Sting Strips for Charity, Elton Puts on Pearls

Sting and Elton John | Elaine Stritch   

Sting Strips for Charity, Elton Puts on Pearls

You really had to be there Saturday night at Carnegie Hall to see Elton John put on pearls and sing "And Then He Kissed Me."

Or to watch Sting — who we all know loves to pull off his shirt — strip to the waist to raise money during a live auction at the Pierre Hotel.

All of this was for the 11th annual Rainforest Foundation concert, a brilliant evening of great fun and poignancy.

For starters, Sting, Elton, and James Taylor anchored the evening — organized by Trudie Styler, aka Mrs. Sting, a lady who has become a formidable force in New York fundraising circles. The three men led the first hour of the night as a memorial to George Harrison — and it was unexpectedly moving. The trio performed their own version of Harrison's hit "Give Me Love" and were later joined by famed British Jeff Beck guitarist on "While My Guitar Gently Weeps." Sting and Taylor, whose miraculous voice was one of the night's standouts, collaborated on "If I Needed Someone." Elton gave a lovely solo performance of "Something," and the segment's finale, "My Sweet Lord," featured Harrison's mentor and old friend, Ravi Shankar, with his daughter, Anoushka.

In fact, it was Ravi Shankar whose speech transformed the annual concert into a celebration of Harrison's life. Looking a little like Yoda in a bright white robe, the 82-year-old Shankar told the audience, "George was like my son, a disciple, and a friend. We met in the United Kingdom in 1966, and then went to India together in 1967. He was so much affected by India and so pained by disharmony around the world…"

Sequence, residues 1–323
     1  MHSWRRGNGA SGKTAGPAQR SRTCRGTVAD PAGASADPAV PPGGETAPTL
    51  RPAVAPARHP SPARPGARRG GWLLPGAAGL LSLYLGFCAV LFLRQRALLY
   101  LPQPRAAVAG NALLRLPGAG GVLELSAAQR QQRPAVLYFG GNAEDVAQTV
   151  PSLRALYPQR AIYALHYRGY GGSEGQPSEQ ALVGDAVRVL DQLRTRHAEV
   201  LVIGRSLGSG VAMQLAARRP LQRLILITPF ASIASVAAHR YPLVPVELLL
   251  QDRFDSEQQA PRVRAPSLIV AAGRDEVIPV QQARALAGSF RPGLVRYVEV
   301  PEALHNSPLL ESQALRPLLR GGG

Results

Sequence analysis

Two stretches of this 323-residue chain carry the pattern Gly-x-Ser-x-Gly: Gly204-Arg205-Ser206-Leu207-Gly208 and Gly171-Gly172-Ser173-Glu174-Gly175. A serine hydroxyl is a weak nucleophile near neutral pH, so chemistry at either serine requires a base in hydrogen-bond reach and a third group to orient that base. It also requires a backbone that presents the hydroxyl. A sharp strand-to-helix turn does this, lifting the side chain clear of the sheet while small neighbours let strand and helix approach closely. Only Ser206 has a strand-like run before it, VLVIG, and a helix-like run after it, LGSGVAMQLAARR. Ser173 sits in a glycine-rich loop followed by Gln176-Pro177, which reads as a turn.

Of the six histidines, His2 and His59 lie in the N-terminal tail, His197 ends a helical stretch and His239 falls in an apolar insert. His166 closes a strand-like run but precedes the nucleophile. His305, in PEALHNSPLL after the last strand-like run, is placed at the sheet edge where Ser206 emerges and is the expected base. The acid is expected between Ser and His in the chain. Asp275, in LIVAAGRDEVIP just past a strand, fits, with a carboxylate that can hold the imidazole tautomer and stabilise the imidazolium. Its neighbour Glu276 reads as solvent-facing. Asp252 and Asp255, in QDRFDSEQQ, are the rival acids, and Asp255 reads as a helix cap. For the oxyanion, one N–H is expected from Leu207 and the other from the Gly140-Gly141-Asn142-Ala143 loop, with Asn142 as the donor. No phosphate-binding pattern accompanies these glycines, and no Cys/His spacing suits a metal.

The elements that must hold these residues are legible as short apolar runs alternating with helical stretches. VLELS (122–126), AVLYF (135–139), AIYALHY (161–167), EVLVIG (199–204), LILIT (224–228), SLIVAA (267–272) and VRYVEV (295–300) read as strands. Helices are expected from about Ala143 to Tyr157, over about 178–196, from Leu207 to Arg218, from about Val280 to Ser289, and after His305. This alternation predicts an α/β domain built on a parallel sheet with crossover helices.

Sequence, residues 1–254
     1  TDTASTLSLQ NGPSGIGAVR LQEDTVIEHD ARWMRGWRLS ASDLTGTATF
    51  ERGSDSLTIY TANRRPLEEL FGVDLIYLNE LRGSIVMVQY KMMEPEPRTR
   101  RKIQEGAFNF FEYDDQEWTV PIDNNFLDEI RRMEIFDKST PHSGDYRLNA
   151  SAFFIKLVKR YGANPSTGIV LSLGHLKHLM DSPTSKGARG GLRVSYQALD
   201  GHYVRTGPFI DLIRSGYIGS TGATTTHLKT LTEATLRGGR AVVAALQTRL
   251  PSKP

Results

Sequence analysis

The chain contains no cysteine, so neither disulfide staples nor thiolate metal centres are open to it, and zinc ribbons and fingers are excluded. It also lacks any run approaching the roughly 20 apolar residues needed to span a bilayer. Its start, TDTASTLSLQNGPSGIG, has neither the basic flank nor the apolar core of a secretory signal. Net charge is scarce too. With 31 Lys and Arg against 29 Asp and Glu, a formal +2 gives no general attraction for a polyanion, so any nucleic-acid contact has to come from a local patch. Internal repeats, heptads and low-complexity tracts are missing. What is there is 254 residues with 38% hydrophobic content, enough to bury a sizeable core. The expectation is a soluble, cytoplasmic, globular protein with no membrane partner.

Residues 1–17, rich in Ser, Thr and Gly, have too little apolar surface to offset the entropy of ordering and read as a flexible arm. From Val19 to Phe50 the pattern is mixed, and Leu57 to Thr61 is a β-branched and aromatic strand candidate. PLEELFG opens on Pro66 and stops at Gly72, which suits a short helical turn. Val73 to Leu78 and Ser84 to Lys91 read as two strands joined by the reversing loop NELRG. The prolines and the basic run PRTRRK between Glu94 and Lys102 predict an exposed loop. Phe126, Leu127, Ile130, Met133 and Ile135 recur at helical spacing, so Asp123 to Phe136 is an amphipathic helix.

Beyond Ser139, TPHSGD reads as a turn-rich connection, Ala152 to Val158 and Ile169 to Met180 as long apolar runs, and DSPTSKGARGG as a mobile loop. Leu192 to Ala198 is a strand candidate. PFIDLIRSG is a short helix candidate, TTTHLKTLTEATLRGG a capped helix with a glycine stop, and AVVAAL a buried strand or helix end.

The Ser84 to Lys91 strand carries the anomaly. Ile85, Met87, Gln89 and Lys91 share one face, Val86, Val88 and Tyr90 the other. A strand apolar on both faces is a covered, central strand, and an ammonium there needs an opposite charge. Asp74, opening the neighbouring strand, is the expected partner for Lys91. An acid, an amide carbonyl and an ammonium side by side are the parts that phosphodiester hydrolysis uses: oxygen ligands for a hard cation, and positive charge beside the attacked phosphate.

Shankar, who was introduced to Americans by Harrison at the 1971 Concert for Bangla Desh, said the introspective ex-Beatle had turned to gardening over the last 15 years. "He was happy to spend more time with his plants than with his music."

The second half of the Rainforest Concert was much different — a tribute to early '60s, pre-Beatles pop that found Elton, Taylor and Sting performing in gold and silver lame jackets as the Miracles while Smokey Robinson — in a lush, rich, vocal — performed his old Motown hits. Elton not only sang the aforementioned Phil Spector hit, but also sang the female lead of "Shop Around" and "My Guy."

Wynonna Judd, '60s icon Lulu, a screaming Patti LaBelle and newcomer Rebekah Del Rio also got big numbers — Patti reviving "Lady Marmalade" and Wynonna mugging with Sting on "You've Lost That Loving Feeling."

But the big surprise of the show was an appearance by Nina Simone, the legendary — and I mean legendary — expatriate American jazz, blues and soul singer. Simone, now 69 years old, came from France for the occasion and although she seemed fragile during the Harrison tribute singing "Here Comes the Sun," her return in the second half of the show was glorious.

Seated at the grand piano center stage, she started with "Ne Me Quittez Pas," and then played her signature song, "My Baby Just Cares for Me." From the opening notes of that song on the piano, I really thought: now I've heard everything. Magnificent.